It's official: GSA's Federal Acquisition Service established

General Services Administration officials' goal from the beginning was to establish the Federal Acquisition Service before the end of the fiscal year. GSA Administrator Stephen Perry made that happen last Friday in a written order, officially combining the Federal Technology and Federal Supply services.

While the new organization is far from complete?with congressional and personnel changes at the top of the to-do list?Perry's order sets the wheels in official motion to begin the merger. FTS and FSS, however, still remain in place until the transfer can be completed effectively, Perry said.

"They would not have issued this unless any remaining congressional hurdles would not be overcome," said Larry Allen, executive director of the Coalition for Government Procurement, a Washington trade association. "This is Perry's way of making something that has been long anticipated official."

The new look of FAS has already started taking shape. Perry named Barbara Shelton as acting FAS commissioner; Deidre Lee to lead Integrated Technology Solutions, which includes telecommunications contracts, governmentwide acquisition contracts, professional-services schedules, IT schedules, and program, planning and development; and Jon Jordan to be the service's controller.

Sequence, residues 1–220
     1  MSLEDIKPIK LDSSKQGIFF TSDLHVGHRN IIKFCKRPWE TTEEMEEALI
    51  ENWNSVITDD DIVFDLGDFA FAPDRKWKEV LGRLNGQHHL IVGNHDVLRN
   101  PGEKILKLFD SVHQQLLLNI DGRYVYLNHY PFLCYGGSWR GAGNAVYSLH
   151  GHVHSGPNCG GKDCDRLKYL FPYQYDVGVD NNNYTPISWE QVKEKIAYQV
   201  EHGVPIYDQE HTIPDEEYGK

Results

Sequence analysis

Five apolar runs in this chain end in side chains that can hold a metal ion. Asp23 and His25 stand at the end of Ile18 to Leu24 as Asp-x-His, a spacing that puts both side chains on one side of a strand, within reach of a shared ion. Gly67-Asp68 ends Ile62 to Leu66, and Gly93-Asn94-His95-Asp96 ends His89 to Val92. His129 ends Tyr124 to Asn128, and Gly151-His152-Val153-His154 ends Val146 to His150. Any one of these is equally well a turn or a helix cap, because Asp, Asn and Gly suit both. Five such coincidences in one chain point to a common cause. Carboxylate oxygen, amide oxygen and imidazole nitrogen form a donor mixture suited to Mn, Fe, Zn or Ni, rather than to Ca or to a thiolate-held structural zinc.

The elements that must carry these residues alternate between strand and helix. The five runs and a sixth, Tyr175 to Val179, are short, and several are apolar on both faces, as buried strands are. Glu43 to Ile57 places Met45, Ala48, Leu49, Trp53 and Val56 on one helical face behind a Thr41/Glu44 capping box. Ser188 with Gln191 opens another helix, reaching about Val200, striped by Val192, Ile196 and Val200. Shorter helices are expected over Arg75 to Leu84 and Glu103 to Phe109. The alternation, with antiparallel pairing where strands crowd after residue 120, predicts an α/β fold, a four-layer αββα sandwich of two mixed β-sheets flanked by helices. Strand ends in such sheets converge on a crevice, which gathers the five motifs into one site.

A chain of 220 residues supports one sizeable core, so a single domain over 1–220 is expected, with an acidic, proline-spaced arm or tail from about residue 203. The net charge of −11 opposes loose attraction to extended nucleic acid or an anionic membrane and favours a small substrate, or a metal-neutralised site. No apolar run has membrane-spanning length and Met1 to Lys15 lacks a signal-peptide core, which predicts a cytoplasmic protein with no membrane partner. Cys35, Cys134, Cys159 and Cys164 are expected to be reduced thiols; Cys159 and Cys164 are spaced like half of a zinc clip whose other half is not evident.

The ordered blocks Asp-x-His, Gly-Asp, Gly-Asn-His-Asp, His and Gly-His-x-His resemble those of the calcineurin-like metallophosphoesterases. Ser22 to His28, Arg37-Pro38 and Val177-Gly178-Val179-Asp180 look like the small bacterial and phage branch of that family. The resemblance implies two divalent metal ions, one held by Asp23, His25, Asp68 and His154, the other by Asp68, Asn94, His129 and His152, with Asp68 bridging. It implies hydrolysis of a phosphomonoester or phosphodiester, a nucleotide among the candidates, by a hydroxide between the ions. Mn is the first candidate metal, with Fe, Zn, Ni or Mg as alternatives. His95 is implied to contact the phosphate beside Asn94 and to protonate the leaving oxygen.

"Soon we will begin implementation by appointing other senior officials to FAS offices," Shelton said in an e-mail note to GSA officials. "Once that is completed, implementation plans will be developed by the FAS executive team."

Allen said naming those key positions is important for FAS to function. He added that FTS CIO Casey Coleman seems to have the inside track to become FAS' CIO and FTS assistant commissioner for IT Solutions Bob Suda seems to be the likely choice to head the Office of Acquisition Management.

In Perry's order, he outlines the roles of each part of FAS, including the commissioner, the national and regional office structures, the CIO and each of the new national program manager areas, such as Integrated Technology Solutions.

Perry went forward with the decision to divide the nationwide offices into six zones, down from 11 regions for FAS. GSA received some pushback from the Hill on this setup because members said it lacked enough oversight.

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